I thought I was ready to start getting into the more “real” parts of my story with this post. On my last post I ended it by saying “Side note: Every entry will end with #23toomany. It stands for the 22 veterans and one active duty who commit suicide every day. It’s not a political statement, it’s my way of honoring my friends, brothers, and sisters. I love you and miss you all.”
We lost another brother in arms here the other day. I can’t count how many that’s been since I’ve been here the last almost ten years. I’m not really a religious person, agnostic maybe? We’ll go further into that later. If any of you are religious, say a prayer for this Sailor’s family and friends. If you’re like me, send your thoughts and wishes. If you have another way, please share. I’m in pieces and I didn’t even know him.
My first encounter with military suicide was when I had just turned 23 years old. I was in my house with two good friends, both Marines; we were playing with my dogs. A few hours later one of those friends took his own life. For so long I blamed myself. Then I was angry, but the one thing was the sadness of looking at the spot where we all were that night. We were laughing and joking and I would give the world to go back and save him.
Is it normal to hate everything and everyone, but want to save them all? That’s how I feel. It’s an unreasonable feeling. I’m angry. We lose too many every day. If they’re not directly in your social network, they are in a friend’s. It’s how it works. We’re a family. Sometimes we’re broken, and the system isn’t in place to fix us.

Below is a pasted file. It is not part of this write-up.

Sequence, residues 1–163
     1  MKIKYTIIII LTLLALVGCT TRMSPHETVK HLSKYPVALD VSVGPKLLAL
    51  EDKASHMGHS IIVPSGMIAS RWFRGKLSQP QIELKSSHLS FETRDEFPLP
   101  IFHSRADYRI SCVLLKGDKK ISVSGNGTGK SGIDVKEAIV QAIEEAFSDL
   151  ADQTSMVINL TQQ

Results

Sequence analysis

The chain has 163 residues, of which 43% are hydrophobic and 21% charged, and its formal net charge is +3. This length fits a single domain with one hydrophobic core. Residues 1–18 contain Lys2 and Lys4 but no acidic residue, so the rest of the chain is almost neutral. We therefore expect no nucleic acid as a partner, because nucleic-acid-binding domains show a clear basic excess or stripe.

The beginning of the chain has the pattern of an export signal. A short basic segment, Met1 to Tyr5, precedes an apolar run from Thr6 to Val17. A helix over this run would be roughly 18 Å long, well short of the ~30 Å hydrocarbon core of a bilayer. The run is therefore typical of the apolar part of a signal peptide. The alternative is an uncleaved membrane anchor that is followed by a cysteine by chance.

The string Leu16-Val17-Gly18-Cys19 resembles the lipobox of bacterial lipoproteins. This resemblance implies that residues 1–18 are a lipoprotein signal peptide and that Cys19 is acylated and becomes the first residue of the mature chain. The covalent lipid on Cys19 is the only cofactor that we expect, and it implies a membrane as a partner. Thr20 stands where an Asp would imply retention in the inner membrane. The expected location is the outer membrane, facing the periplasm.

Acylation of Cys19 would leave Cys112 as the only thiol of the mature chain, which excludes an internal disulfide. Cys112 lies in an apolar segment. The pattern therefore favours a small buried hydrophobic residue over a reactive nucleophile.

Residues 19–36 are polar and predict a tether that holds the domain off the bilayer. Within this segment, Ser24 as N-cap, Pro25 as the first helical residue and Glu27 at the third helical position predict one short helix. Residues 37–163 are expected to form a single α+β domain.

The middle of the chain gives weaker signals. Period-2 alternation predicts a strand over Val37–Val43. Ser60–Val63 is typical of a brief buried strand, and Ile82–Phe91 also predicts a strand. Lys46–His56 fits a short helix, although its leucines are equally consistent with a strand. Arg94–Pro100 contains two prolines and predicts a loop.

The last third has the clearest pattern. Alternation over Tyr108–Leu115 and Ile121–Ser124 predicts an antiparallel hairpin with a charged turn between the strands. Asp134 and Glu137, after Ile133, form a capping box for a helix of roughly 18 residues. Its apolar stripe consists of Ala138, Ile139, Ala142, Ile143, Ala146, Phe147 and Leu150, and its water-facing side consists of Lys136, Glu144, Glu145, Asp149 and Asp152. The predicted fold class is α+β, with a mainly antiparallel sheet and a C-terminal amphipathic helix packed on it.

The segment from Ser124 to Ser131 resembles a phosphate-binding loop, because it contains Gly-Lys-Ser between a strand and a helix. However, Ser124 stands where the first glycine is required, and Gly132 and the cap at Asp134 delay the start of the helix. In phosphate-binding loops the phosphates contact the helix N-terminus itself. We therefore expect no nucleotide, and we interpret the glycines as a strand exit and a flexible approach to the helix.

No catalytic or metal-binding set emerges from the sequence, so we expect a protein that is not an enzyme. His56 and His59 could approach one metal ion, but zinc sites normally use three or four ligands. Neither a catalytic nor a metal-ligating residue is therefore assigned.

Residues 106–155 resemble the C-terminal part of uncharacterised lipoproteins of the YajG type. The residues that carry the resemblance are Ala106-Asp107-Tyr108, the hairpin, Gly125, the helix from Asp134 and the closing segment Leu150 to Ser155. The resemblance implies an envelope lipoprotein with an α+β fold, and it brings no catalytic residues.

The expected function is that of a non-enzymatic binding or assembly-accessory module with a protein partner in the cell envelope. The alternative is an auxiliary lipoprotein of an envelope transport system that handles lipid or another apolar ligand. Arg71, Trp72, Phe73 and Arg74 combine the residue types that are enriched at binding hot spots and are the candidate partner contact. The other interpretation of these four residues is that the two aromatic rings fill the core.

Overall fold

When I was in therapy for my PTSD, I was told the old saying “time heals all wounds is a load of shit.” It is. Time is nothing. We can’t touch it, we can’t go back, we really can’t move forward. We live in the now. Time doesn’t heal anything. Time may make you forget, but it does not heal. Coping heals. Talking heals. Reaching out when you feel alone heals. I don’t care if you are in the military, a veteran, or a civilian if you need to talk I beg you to leave a comment for me. I may not always respond right away (can’t blog at work), but I do care and so do others. Even in your darkest moments, please know someone cares. I’ve been in those shoes, too. The only one that cared was my dog, and she kept me alive.
I don’t grieve well. I bottle it up. When my Marine friend died there was a small service in the chapel on base for us military brothers and sisters (we’re not friends, we’re family). I went there for the first time a couple of weeks ago since his service in 2009. I laid my head on the table they rested the coffin on and cried. That was the first time in years. Find a way to grieve lost friends and family. It’s not easy, I still don’t know how but I’m trying.
“Suicide is a permanent solution to a temporary problem.” No, I respectfully disagree. Suicide is an act of extreme desperation, hopelessness, and the feeling others would be better off without you. “Suicide is an act of cowardice.” No, wrong again. If you’ve never lost someone or been on the brink yourself, you can keep that incorrect assumption to yourself. And if you don’t, respectfully, shut the fuck up.
To my brothers and sisters still here: I love you and I’m sorry we deal with this every day. It doesn’t get easier.
For my brothers and sisters who have passed: You can stand down. Your watch is over now. Rest in peace. Til Valhalla.
I’ll continue to end posts like this every day I write:
#23toomany. It stands for the 22 veterans and one active duty who commit suicide every day. It’s not a political statement, it’s my way of honoring my friends, brothers, and sisters. I love you and miss you all.
In case the picture at the top is cut off: